Showing posts with label corruption. Show all posts
Showing posts with label corruption. Show all posts

Tuesday, January 13

Shadow aid

YaleGlobal summarizes  an intriguing article by journalist Elizabeth Dickinson for the Middle East Research and Information Project:

“Across the Middle East, the United Nations is coordinating the largest operation in its history to help nearly 3 million Syrian refugees at a cost of $4.2 billion in 2014 alone….But on the side, hundreds, perhaps thousands, of start-up charities and regional donors have built parallel networks of aid.” Distribution is uneven, relying on select connections and networks, manipulated by politics and corruption....Dickinson concludes that the piecemeal approach to aid based on individual whims results in inefficiencies, waste, new power structures, inequality and conflict – all of which threaten sustained giving. Refugees might receive dates during Ramadan but their children have no schools to attend.


As a journalist, Dickinson gets to the heart of human predicaments. The inefficiencies and piecemeal aid she describes are not limited to Syria or the Middle East and can be found in countries as secure as the United States. Charities elsewhere have come under scrutiny, too. Malfeasance by a few hurt legitimate charities.

Allure of Deceit is the story of a fictional  charitable foundation, huge and influential, and its director who uses funds and programs in Afghanistan and India to figure out why a young inventor and his wife were killed in a terrorist attack. Afghan villagers are dismayed to be regarded as recipients of zakat, and in the book, a foundation employee is distraught, too, as he tries to explain the disparities to an Afghan man: 

.... so much charity was based on whims. “I sometimes feel as if all that matters is an administrator’s last conversation with a donor. A donor hears a report that children are going without shoes and soon we’re unloading crates of shoes, every size and style imaginable, most of them inappropriate for this terrain. So we look for storage, often paying to lease the space.”

Lessons of Allure of Deceit: Needs are great and transform abruptly over time, with shoes and coats desperately needed one day and not the next. Motivations, whether for generosity or murder, also transform over time - and too often, some regret their choices.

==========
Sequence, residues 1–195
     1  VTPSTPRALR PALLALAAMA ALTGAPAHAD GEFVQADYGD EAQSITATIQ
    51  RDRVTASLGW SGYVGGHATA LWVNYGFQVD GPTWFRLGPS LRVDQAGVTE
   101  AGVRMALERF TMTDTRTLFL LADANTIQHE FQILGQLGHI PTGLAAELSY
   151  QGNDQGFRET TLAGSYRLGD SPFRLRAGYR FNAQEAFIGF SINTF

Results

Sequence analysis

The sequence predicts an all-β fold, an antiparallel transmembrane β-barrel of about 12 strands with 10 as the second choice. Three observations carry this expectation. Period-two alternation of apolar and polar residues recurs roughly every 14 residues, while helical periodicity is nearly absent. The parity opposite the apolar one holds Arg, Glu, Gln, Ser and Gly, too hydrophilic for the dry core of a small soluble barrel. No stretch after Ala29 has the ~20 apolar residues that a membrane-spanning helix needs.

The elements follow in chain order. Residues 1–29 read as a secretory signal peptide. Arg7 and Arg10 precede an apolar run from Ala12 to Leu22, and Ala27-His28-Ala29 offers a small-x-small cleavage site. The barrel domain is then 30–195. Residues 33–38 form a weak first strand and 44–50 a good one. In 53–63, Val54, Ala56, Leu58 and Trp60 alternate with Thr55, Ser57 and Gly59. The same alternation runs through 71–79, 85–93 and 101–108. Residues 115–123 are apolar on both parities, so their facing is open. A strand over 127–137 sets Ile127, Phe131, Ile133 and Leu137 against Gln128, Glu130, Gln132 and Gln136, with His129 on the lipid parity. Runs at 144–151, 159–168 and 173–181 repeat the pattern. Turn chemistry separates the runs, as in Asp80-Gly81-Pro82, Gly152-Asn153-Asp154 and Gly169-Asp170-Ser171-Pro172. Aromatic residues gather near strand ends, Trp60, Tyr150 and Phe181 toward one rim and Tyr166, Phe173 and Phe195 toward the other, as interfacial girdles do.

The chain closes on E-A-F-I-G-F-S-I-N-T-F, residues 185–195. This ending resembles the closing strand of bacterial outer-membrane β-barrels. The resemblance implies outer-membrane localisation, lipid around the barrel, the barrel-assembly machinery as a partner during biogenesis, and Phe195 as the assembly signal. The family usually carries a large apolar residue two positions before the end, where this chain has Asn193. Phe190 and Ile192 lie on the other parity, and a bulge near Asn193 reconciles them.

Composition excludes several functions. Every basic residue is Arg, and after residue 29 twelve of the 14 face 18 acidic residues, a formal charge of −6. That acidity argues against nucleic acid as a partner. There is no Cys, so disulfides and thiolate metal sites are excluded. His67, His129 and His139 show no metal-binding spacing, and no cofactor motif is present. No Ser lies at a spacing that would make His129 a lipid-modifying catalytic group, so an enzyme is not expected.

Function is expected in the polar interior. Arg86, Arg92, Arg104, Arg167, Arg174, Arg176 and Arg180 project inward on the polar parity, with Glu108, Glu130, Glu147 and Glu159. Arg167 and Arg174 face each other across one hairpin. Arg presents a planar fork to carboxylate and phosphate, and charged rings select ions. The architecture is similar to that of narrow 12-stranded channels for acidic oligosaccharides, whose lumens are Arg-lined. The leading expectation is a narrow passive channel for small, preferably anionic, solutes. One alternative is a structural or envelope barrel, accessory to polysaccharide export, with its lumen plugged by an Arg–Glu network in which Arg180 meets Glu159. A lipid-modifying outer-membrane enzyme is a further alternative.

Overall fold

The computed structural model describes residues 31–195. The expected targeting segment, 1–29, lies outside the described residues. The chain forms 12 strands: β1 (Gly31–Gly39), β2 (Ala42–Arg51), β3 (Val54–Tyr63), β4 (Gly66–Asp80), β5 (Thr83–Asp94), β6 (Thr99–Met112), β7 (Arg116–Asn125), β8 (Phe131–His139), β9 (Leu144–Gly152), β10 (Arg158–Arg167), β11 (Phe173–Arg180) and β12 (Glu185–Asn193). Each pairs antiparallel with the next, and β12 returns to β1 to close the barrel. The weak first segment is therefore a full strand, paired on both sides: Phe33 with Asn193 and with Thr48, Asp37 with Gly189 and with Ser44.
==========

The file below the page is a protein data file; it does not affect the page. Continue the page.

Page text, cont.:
Photo of US Navy officer delivering shoes to children in Dijbouti in 2010 is courtesy of US Navy Petty Officer 2nd Class Joshua Bruns and Wikimedia Commons; photo of a US Air Force helping a young Afghan girl try on donated shoes at Parwan Refugee Camp in 2008 is courtesy of US Air Force Master Sgt. Keith Brown and Wikimedia Commons. 

Saturday, February 15

Tough road

Afghanistan does not have many roadways but the few it has are treacherous -  a result of both roadside attacks and poor maintenance.

"Since 2012, the United States has refused to fund the Afghan government’s road maintenance projects because it has no faith in the country’s ability to perform even simple tasks, such as dispatching a contractor to fill in a pothole or repaving a stretch of highway," reports Kevin Seiff for The Washington Post. He adds that the US continues to build new roads to assist the economy. "The new, U.S.-built highways seemed to be a godsend for this impoverished nation. But the projects became notorious for their exorbitant costs and poorly implemented contracts."

Taliban fighters target the roads, knowing that they are security priority. Military vehicles patrol the road and regularly clear them of IEDs. Highway 1 is the "lifeline," suggests a member of the US Army’s 3rd Squadron, 2nd Cavalry in a report from Alexa Pena for Stars & Stripes. As US troops prepare to leave this year, responsibility for patrols and checkpoints is being handed over to Afghan troops.

More than two thirds of Afghans live within 30 miles of Highway 1. The highway, also known as A01 is 2,200 kilometers, circling the country, connecting major cities. In the sequel to Fear of Beauty, two characters travel Highway 1 from east of Lashkar Gah in Helmand to Kandahar, and only one returns to the small fictional village of Laashekoh.

Photo of Highway 1 reconstruction in 2003,  courtesy of USAID and Wikimedia Commons. Screenshot of the 137-kilometer stretch of Highway 1 between Lashkar Gah and Kandahar, courtesy of Google Maps.

Friday, December 14

Corruption

Each year Transparency International Corruption Perceptions Index releases international rankings and for 2012, Afghanistan has landed in last place along with North Korea and Somalia, reports Frank Vogl for the Huffington Post.

"There is a brutal message here for the architects of Western geo-political strategy in general and for those most responsible for the Afghan debacle in particular," Vogle writes. "Despite all the diverse experiences of decades, the harsh fact is that Western powers have a zero success rate in establishing decent governance in poor countries embroiled in conflict that have no history of democratic institutions."

Public trust and respect is minimal in such countries, Vogle explains. Human rights abuses and violence are high. This does not bode well for security - for Afghanistan, neighbors in India or Pakistan, or anywhere else in the world.

Image courtesy of Transparency International.